Rob Fahrni

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Saturday Morning Coffee

Good morning from Charlottesville, Virginia! ☕️

Espresso ShotAnother week and month in the books. We’ve crossed into February and Punxsutawney Phil says six more weeks of winter. I’m ok with that. Coffees ready, let’s get going.


Carl Weathers, linebacker-turned-actor who starred in ‘Rocky’ movies and ‘The Mandalorian,’ dies

I remember seeing Rocky as a kid and I didn’t much like Apollo Creed. He was arrogant, cocky, and besides, the star of the show was Rocky, the underdog. Of course they eventually became friends and I liked him then.

I loved him as Al Dillon in Predator and as Chubbs in Happy Gilmore.


Amanda Richards • Netflix

NASCAR: Full Speed Is Coming to Your Screen at 200 Miles per Hour

I blew through the five episode season in a couple days. Why’d they only order up five episodes in the first season? I mean, F1: Drive to Survive has had 10 episode since season 1.

They focused on the playoffs but they could’ve done more leading into the playoffs. It’s a long season full of drama and I wanted more.

Overall it was really good and I hope we get a full 10 episodes in season 2.


Define all your data in Pkl, and generate output for JSON, YAML, Property Lists, and other configuration formats.

Pkl is an Apple project. They’re trying to become a services company and having a better means of managing things sounds like a good idea.

It’s odd to see Apple using Java and Kotlin for this but it does make sense given it’s meant to be portable to different platforms. And by different platforms I mean actual different platforms like Linux, Windows, and Mac. Not Mac, iPhone, and iPad. 😄

Jason Parham • WIRED

Black Twitter Remains Unbothered in Elon Musk’s X

I’ve seen folks on Mastodon talking about how difficult it is for Black Mastodon to get started.

When I setup Curmudgeon Cafe there was a large contingent — and still is — of LGBTQ+ instances.

If memory serves it was more a matter of discoverability.

I’d love to see multiple BIPOC instances spring. We need more diversity, not less.

Miguel de Icaza •

My current effort is slightly different: how to build a native iPadOS (and hopefully VisionOS) experience for Godot. So rather than rewriting the existing Editor codebase with Swift, this effort is about making a SwiftUI on top of the existing Editor.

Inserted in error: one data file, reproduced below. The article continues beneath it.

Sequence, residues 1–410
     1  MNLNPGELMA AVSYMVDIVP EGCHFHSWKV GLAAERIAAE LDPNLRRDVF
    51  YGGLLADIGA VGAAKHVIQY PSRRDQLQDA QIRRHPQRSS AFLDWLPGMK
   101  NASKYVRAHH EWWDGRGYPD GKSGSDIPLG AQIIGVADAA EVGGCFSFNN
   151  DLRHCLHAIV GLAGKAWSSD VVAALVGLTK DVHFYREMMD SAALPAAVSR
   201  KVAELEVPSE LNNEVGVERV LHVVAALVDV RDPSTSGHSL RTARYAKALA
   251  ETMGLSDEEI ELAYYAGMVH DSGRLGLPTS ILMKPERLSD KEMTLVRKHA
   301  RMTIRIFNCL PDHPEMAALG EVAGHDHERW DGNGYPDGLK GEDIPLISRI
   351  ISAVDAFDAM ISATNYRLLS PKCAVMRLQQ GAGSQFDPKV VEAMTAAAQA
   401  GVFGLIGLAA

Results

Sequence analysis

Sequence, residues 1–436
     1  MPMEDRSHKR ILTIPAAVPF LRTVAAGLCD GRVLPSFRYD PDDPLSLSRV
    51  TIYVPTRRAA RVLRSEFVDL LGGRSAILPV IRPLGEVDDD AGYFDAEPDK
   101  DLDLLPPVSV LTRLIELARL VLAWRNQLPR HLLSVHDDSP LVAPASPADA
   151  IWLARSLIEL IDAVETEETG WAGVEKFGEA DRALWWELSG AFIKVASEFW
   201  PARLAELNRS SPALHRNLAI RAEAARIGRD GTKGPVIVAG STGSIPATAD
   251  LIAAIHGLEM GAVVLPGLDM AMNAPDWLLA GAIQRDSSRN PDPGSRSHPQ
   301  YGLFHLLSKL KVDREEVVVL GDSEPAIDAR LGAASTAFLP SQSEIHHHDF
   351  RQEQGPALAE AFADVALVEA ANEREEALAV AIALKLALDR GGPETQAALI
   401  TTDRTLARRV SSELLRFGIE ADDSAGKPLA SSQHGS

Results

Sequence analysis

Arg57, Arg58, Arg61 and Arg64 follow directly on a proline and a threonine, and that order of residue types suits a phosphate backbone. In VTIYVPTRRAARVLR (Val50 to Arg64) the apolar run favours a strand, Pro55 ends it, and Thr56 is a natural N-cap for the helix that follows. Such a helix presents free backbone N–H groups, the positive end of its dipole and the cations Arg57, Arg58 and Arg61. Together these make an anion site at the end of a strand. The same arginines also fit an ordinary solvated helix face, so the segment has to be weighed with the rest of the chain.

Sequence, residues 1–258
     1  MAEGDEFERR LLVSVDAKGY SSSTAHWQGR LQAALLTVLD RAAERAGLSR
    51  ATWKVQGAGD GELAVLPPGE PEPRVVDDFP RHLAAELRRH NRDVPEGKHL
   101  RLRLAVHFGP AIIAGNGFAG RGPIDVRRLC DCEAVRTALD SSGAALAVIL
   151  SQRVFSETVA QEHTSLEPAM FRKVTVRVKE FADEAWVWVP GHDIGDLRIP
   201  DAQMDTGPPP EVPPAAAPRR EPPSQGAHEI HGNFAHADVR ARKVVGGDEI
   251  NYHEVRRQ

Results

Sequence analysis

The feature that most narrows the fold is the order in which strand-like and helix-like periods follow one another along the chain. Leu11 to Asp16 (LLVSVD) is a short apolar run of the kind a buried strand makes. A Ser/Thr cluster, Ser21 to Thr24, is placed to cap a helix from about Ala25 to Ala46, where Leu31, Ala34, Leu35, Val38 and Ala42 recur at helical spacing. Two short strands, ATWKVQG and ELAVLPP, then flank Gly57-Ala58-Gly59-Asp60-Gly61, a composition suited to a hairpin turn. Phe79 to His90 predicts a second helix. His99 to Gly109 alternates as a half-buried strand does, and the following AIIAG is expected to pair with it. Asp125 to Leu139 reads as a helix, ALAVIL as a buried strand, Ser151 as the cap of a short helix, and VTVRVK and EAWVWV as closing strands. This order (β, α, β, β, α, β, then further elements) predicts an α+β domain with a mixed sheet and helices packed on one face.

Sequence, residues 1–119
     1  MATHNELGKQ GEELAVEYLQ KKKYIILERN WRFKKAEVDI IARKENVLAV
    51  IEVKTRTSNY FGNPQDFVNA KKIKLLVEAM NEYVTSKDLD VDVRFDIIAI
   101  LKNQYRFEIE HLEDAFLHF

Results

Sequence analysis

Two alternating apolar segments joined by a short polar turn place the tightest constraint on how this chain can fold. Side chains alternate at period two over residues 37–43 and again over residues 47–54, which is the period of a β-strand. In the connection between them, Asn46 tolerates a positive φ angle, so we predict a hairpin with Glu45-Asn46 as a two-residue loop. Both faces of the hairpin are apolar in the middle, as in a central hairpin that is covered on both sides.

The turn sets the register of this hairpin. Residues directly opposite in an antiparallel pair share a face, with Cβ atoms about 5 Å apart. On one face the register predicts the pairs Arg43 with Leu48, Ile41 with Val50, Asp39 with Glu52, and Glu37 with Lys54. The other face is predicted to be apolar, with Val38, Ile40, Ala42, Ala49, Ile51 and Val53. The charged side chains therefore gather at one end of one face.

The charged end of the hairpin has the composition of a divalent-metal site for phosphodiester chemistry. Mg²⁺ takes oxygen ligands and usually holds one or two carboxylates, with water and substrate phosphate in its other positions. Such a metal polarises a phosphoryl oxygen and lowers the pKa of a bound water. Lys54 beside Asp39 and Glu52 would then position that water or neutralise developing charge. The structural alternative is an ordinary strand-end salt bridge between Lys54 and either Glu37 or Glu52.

I don’t keep up with Godot but I do keep up with Miguel. It’ll be fun to watch his effort evolve into a finished product.

Robert Downen • Texas Tribune

Texas' standoff with the feds in Eagle Pass is igniting calls for secession and fears of violence

The MAGA crazed are ready for war and his orangeness is egging them on. Not only that he’s actively working with leaders in the House and Senate to blow up a bipartisan bill that would be the best deal the GOP has seen on the border. All to get that orange dumbass re-elected.

David Nield • Lifehacker

It’s 2024, and I’m here to extol the virtues of using an RSS reader.

Of course everyone should use an RSS reader! Might I recommend Stream for iOS? 😘

Yes, yes, it’s my app, but you should give it a try and if you like it, please, leave me a tip. 🙏🏼

Tim Hardwick • MacRumors

NHS App users in England can now collect medication from a pharmacy without having to visit a GP or health center, according to NHS Digital.

Man oh man would I love to have a national healthcare system that’s fully integrated and lets me manage how I interact with doctors and other healthcare providers.

I’d like it to work like Facebook. Doctors should invite me to join, or I invite them to join, my medical record.

American Healthcare is still stuck in the past. I’d love to see it fixed.

Nick Barclay • The Verge

Spotify accuses Apple of ‘extortion’ with new App Store tax